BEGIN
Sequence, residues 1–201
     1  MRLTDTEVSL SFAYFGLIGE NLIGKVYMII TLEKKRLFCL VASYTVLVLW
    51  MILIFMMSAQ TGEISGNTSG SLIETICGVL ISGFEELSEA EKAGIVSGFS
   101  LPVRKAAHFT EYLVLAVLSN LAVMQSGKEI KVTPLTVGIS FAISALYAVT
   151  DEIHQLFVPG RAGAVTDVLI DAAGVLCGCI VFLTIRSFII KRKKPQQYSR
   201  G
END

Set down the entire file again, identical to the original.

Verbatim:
Sequence, residues 1–201
     1  MRLTDTEVSL SFAYFGLIGE NLIGKVYMII TLEKKRLFCL VASYTVLVLW
    51  MILIFMMSAQ TGEISGNTSG SLIETICGVL ISGFEELSEA EKAGIVSGFS
   101  LPVRKAAHFT EYLVLAVLSN LAVMQSGKEI KVTPLTVGIS FAISALYAVT
   151  DEIHQLFVPG RAGAVTDVLI DAAGVLCGCI VFLTIRSFII KRKKPQQYSR
   201  G